It appears that another 0−4−0 saddle tank of unknown build and origin had been acquired before 1905, and was also named ADAMANT. Before going into service her square wooden buffers had to be lowered to match up with those on the wagons, but no further alterations were necessary.

The acquisition of the Company by G. & T. Earle Ltd. on 1st July 1912 preceded the delivery of the next locomotive, which may have been in 1912 or 1914. The locomotive in question was ordered on 6th August 1912 from Manning, Wardle & Co. Ltd. of Leeds for delivery during the latter part of September 1912. The makers claim to have despatched the engine (works number 1807 to Earle's Hessle Quarry, near Hull, on 4th November 1912. It is not recollected at Hessle, which was just being opened out at the time, whilst it is thought to have arrived at Barton in new condition, albeit in or about 1914. Carrying neither name or number, she was an 0−4−0 saddle tank with 9" by 14" outside cylinders and 2' 6" diameter wheels, and boasted an enclosed cab in contrast to the weatherboard on ADAMANT. The latter worked but little from this date and was taken away in 1915, possibly for scrap.

During Earle's period of ownership the track was laid with flat-bottom rail spiked to second-hand standard gauge sleepers sawn to size. The more lighter bullhead rail was to be found only in the quarry sidings which were laid with both types. The wagons were square side-tippers about 4' 6" long and about 2' 6" deep, and fitted with square wooden buffers. The wooden bodies were constructed by the works' carpenters, and only the wheels (about 1' 6" in diameter and axles were purchased ready made. There was a stock of well over a hundred wagons, each able to carry 12 tons of chalk or nearly 2 tons of clay.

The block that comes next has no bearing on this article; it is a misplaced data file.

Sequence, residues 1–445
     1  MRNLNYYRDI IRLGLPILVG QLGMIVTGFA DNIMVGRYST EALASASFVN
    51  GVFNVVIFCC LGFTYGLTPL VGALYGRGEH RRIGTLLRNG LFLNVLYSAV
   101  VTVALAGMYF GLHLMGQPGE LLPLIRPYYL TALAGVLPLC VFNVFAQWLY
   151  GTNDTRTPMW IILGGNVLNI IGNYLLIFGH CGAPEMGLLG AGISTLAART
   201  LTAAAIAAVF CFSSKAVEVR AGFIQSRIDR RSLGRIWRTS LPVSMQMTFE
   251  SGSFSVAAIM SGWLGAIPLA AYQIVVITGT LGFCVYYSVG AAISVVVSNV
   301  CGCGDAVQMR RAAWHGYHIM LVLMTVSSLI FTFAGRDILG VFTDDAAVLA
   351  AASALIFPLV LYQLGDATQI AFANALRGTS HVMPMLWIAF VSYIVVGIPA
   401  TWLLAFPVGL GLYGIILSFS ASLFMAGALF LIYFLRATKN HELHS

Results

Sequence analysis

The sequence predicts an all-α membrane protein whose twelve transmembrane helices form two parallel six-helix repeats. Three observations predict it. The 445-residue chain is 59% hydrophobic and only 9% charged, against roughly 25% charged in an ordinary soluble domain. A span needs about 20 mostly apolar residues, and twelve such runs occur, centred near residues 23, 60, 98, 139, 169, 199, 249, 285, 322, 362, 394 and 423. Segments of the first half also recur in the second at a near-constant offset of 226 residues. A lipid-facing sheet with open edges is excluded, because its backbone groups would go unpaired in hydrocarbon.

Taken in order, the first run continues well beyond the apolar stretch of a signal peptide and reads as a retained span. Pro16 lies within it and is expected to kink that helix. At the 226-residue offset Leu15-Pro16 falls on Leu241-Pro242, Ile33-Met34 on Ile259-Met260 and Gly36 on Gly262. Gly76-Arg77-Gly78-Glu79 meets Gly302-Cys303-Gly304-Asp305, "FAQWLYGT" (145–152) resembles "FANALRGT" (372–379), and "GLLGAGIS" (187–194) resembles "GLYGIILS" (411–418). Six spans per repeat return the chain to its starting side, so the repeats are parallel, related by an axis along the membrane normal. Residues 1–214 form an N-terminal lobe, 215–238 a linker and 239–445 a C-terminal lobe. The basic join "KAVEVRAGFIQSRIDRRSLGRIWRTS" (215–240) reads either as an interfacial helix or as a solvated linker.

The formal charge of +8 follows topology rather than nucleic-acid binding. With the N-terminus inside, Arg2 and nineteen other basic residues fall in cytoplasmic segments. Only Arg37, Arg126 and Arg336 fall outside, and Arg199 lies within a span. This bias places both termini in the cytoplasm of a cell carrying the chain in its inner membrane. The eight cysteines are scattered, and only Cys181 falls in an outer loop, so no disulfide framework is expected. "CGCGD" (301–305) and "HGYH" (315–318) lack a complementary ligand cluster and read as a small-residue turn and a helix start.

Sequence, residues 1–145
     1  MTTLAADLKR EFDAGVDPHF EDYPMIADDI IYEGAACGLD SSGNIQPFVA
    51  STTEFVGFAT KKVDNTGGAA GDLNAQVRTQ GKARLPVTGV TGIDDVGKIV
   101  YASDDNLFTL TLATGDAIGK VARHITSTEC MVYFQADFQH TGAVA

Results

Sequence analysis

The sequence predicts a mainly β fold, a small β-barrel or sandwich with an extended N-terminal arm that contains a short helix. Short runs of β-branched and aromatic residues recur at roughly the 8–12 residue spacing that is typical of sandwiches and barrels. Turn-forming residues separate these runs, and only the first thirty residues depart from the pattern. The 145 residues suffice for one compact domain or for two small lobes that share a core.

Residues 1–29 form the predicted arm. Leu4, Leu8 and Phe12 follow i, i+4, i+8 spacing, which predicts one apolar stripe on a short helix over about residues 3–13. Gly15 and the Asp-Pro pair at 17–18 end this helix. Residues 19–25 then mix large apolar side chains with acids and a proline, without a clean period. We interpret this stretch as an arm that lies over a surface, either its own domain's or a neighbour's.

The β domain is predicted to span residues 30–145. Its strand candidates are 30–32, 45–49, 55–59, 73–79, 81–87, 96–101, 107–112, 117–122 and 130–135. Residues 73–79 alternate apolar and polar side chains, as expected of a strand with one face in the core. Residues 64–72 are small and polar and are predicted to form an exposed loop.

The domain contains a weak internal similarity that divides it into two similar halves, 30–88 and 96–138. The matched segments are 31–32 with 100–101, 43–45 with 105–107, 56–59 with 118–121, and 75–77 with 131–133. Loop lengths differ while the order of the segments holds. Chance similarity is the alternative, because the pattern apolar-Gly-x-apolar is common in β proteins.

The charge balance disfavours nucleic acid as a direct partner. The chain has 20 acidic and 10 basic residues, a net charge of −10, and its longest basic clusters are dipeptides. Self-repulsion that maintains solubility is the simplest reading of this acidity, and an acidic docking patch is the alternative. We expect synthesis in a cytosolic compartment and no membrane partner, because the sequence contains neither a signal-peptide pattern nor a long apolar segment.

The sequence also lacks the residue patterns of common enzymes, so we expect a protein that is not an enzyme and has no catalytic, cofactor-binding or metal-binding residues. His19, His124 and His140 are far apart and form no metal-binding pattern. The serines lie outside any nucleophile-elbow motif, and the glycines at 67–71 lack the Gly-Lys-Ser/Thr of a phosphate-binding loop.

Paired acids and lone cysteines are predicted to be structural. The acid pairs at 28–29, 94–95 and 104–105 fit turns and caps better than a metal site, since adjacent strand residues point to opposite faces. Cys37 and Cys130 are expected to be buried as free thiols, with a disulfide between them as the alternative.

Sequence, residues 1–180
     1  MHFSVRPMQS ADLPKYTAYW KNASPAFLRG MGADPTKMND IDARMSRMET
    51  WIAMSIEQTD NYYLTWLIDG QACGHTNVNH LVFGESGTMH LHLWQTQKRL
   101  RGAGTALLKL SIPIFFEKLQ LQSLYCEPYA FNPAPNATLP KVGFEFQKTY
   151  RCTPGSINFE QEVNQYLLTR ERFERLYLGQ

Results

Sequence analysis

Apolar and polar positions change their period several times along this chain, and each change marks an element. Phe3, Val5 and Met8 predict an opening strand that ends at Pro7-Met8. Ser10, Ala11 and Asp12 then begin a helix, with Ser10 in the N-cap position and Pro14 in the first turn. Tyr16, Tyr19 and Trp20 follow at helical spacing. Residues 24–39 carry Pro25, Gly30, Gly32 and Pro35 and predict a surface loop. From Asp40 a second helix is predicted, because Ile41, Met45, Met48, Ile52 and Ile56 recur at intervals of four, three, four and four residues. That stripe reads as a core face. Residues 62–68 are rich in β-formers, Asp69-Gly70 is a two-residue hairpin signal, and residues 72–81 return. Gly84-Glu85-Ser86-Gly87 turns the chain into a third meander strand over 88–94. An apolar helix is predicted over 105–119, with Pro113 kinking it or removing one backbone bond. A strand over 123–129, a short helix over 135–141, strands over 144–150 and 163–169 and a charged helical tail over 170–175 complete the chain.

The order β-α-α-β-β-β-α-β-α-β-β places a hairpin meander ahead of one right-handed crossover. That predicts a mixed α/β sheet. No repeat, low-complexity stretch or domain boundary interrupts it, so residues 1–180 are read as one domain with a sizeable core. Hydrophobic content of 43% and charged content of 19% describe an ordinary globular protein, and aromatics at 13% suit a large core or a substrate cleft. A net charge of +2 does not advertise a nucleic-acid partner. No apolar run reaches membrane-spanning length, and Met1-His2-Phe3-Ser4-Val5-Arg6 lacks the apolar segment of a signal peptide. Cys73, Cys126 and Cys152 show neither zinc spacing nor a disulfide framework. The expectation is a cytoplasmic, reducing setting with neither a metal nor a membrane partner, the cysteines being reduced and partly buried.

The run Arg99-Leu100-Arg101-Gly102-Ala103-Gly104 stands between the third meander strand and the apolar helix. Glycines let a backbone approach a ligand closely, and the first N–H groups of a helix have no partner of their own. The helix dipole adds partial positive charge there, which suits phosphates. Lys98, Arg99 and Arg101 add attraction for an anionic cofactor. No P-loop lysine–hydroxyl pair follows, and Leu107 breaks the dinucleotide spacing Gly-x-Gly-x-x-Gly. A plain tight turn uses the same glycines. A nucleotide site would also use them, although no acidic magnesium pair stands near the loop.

One locomotive in steam daily was sufficient and no loops were therefore necessary on the single track tramway. It was very slightly uphill to the works and the engine always worked chimney first out of the quarry, setting back into the clayfield to attach loaded wagons when required. Clay was dug on a two-hundred yard face, and the clayfield siding was continually being moved back. A little farther on was a fifty-yard trailing storage siding, with another three in the works area. One held twelve wagons and was fly-shunted, another holding six terminated by the chalk-mill, whilst the third led into the single road locomotive shed. The latter was large enough to hold two locomotives and, as there was no fitting shop, an inspection pit was provided. The tramway continued along to the wooden jetty where it ended at a pair of buffer stops, fashioned from old rails and sleepers.

Official photograph of Manning Wardle 1807. The rear of the cab should be straight (not curved), distortion having occurred when the photograph was originally copied.

Manning Wardle 1807 with a set of twelve loaded wagons read to leave the quarry.   (Author's collection)

The clayfield and quarry employees worked on day shifts only, but those in the traffic department worked three shifts in order to clear all loaded chalk wagons from the quarry at night. The maximum load was twelve full wagons and, as the clayfield siding was only shunted by day, it was a clear run through to the chalk-mill at night. There was no lighting other than that provided by the two oil-lamps carried on the locomotive - one at the top of the smokebox and the other at the centre of the rear of the cab roof. Dumps of both chalk and clay at the works were sufficient to last for about a week, and production was not held up should there be an engine failure. Production had greatly increased following the installation of a rotary kiln in 1912 shortly after Earle's took over. This supplemented the output from the older chamber kilns and sometimes there was sufficient traffic to justify two boats calling daily instead of the normal one.